HONOLULU (KHON2) — The Honolulu City Council said the Department of Planning and Permitting needs to start improving its systems for people waiting on permits as some of those waiting could find their application stuck in the cue for upwards of a year.
Permit delays are an ongoing issue for the City’s DPP, and City Council Chair Tommy Waters said his office gets calls daily from constituents experiencing long wait times to hear back about their permit application status.
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Waters said, “People are blaming us on the council, people are saying ‘why are you not doing anything to help the DPP.'”
Waters introduced a resolution that calls for an audit of the DPP. Waters said he hopes the audit could find areas of improvement and solutions.
Meanwhile, the DPP Acting Director Dawn Takeuchi Apuna, who has been on the job for six weeks, said the department is already working on modernization projects.
“The day that I started I made permitting a priority, that is our top priority,” Apuna said. “We are meeting with our division heads, and trying to dig in and figure out what the issues are.”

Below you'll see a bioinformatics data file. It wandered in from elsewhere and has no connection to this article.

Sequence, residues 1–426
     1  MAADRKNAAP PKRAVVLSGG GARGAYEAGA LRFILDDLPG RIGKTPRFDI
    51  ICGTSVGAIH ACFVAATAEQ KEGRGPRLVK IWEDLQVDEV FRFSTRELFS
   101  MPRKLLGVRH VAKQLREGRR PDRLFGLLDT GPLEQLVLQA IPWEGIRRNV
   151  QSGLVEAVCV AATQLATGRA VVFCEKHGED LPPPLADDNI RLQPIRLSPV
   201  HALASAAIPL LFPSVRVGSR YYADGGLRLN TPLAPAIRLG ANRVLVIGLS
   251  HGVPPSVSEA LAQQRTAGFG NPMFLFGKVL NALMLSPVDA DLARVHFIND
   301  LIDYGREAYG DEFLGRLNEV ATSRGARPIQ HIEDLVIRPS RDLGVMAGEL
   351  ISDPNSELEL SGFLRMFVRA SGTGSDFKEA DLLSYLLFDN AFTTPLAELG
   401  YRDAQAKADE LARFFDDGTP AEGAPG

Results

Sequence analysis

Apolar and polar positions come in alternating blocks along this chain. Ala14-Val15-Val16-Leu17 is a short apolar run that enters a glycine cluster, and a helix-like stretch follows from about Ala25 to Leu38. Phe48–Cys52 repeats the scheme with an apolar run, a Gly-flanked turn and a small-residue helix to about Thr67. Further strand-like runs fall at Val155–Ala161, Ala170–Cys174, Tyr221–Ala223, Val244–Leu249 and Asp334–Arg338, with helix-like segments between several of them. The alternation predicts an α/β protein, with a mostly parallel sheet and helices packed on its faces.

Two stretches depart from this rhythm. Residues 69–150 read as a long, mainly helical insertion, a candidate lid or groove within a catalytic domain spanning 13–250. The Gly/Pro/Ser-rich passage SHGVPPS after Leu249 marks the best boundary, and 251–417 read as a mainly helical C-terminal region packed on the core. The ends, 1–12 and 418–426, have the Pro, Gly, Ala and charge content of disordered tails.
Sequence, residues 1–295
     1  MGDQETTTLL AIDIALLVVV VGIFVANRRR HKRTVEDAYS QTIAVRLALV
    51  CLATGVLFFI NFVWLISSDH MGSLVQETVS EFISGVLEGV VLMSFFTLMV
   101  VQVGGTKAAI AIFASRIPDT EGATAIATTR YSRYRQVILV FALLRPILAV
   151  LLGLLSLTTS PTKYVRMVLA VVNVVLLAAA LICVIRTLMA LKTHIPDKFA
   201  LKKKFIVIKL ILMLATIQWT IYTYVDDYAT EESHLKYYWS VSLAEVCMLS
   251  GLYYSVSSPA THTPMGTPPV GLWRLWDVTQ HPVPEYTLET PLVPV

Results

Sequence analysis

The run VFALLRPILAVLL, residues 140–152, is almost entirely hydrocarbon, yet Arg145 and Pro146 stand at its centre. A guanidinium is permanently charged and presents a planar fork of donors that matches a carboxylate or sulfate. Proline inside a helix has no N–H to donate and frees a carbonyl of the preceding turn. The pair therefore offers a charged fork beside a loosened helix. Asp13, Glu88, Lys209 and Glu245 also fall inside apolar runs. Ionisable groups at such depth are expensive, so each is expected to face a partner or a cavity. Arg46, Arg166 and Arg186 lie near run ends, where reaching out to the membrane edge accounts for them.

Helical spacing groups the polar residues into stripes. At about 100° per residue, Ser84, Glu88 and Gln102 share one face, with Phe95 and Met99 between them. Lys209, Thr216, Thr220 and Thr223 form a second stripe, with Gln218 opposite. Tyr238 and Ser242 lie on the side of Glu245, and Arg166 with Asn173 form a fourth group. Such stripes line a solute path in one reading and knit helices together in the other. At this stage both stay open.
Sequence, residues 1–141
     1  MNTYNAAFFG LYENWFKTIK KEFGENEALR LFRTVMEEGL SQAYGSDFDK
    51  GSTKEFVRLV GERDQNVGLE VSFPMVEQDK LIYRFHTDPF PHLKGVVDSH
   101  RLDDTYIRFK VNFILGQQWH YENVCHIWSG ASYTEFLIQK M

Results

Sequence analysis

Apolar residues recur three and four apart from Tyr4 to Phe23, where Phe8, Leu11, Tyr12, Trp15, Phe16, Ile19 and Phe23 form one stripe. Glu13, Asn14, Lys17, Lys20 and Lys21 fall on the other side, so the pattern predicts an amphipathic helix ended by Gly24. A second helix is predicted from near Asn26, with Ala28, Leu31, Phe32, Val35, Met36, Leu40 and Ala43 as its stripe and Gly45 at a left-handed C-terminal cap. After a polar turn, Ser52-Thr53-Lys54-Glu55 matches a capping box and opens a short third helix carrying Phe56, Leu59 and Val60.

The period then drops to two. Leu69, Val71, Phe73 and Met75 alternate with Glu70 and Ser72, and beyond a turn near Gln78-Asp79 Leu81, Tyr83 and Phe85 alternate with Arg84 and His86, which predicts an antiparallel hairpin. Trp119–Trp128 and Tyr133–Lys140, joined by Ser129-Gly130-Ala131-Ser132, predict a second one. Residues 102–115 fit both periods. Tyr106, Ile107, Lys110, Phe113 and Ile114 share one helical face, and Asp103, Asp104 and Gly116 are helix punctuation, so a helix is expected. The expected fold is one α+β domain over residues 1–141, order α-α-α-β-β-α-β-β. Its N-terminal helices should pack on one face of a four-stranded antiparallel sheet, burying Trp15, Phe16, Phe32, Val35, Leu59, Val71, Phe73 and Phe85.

Meanwhile, Councilmember Andria Tupola said she has heard feedback from contractors who said part of the backlog is caused by lumping different types of applications together.
Tupola said, “A lot of people are stuck in the same line whether it is solar, a fence or building a house.”
The Nakoa Companies Senior Estimator Eric Olson has more than 30 years of experience in the construction industry. He said there are smaller projects that could be reviewed more efficiently. He said plans that have already been approved and signed off by engineers could be expedited, and even approved over the counter.
“Certainly, you know, smaller projects like solar projects, those could be over the counter,” Olson said, “Maybe smaller construction projects on a residential level, that are under a certain amount, maybe $100,000. Those are all pretty basic projects.”
Tupola proposed for the Executive Matters and Legal Affairs Committee to delay a vote on the resolution seeking an audit of the DPP, and give the acting director time to implement changes.
Apuna said the department will be updating its pre-screening process of permit applications.
The DPP said there are about 3,200 applications that require prescreening. The new system will check building plans for formatting errors and the plans will be returned to the applicant automatically for corrections.
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“That’s in our first phase of our permitting that should be operational in about three weeks,” Apuna said. “And then once it’s operational it will take a couple of weeks for the bot to go through all the pre-screen applications and to basically eliminate the cue.”